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Movie Review: The Descendants (R)

descendantsBy Jared Peterson

In The Descendants, George Clooney—tanned, rested and ready for Oscar Number Two—plays Matt King, a low-key man edging toward the precipice of life-altering changes.

Living somewhat modestly in Hawaii, Matt is in fact descended from the islands’ highest and mightiest; his distant forebears included the last of the Hawaiian royal family and a wealthy haole (a not entirely complimentary term for the white colonists and their descendants). Matt is nearly done brokering a deal that will slice up and sell his birthright—the last pristine parcels of land on the islands—when tragedy strikes. After a boating accident, his wife Elizabeth (Patricia Hastie) lies in an irreversible coma. Now Matt, the self-professed “back-up parent”, is forced to usher their two troubled daughters Alex (Shailene Woodley of “The Secret Life of the American Teenager”) and Scottie (sweet, smart newcomer Amara Miller) through the process of saying goodbye. Matt’s own grief is compounded and complicated by the revelation that his wife was cheating on him. Egged on by the impulsive older daughter Alex, he decides to track down his wife’s former lover, a risky move that has unforeseen yet predictably messy consequences.


Consequences are the key focus of The Descendants. Based on a novel by Kaui Hart Hemmings, the film’s many elements serve a single powerful question: What will we pass on to the people who come after us? The film was cowritten by its director, Alexander Payne, with actors Nat Faxon and Jim Rash (who voice characters on the hilarious animated FOX show “Allen Gregory”, though you may know Rash as The Dean on “Community”, the brilliant NBC comedy being persecuted for its own genius by a network that seems to have its head up it’s… I’m sorry, where were we?). Payne is well respected for his deft touch with comedic drama—or is it dramatic comedy?—but this film doesn’t wear that mantle as well or as lightly as his best effort, Sideways, did. Like many films adapted from novels, The Descendants is densely populated and somewhat overnarrated—the tendency is to try to keep too much from the book. But director and writers deserve credit for making every character and nearly every scene relevant to that central conundrum of actions and reaction. Matt must come to grips with the fact that everything he does, large and small—from selling half an island to letting his daughters swear in front of their comatose mother—has effects that will make and remake others long after he is gone.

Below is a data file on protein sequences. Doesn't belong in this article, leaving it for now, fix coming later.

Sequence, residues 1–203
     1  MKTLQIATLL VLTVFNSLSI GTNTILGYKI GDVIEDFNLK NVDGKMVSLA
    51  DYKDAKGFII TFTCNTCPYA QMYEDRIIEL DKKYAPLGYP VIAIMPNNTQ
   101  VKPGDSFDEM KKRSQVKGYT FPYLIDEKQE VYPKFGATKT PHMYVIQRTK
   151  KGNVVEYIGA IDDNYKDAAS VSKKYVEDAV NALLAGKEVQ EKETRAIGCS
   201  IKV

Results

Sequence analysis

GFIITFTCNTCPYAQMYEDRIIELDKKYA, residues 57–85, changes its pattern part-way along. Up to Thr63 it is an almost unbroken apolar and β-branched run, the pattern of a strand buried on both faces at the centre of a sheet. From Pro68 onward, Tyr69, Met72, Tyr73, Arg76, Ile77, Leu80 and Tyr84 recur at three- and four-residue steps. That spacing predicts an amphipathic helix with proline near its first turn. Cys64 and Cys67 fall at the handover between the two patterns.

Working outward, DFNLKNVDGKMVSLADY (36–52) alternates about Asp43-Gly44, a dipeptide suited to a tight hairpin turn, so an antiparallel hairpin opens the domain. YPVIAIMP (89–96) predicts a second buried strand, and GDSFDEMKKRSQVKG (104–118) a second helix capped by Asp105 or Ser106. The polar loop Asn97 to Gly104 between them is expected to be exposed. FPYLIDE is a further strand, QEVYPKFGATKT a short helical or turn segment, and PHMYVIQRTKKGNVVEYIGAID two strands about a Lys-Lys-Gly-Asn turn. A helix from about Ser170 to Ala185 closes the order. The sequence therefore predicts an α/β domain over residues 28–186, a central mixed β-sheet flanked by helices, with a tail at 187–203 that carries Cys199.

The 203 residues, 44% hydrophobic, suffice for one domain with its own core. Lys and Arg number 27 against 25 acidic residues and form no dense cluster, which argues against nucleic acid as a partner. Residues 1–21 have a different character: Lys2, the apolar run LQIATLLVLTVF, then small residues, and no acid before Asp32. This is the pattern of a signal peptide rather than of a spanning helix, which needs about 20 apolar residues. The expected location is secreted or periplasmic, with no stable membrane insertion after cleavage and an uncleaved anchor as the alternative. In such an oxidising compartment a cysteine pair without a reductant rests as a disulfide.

I’ll admit that I spent the first third or so of the film unsatisfied. But it grew on me, in pretty much direct proportion to the mounting complexities of George Clooney’s performance. Clooney let’s his vulnerability bloom and his age show—his hair is gray and long and we get to see his body in full, spindly old-guy legs and all. (Men in the audience, watching him wince as he runs down a street in sandals, might begin to forgive him for ruining tuxedos for us in Ocean’s Eleven.) Matt’s discomfort as a parent morphs into something like desperation and then a quiet catharsis that many other actors would have overplayed.

The Descendants has been riding a killer wave of Oscar buzz, generated in part by the furious thrashing of the studio media machine in ubiquitous ads and TV spots. The film’s form isn’t perfect, but it stays gracefully above water and brings its message safely back to shore.

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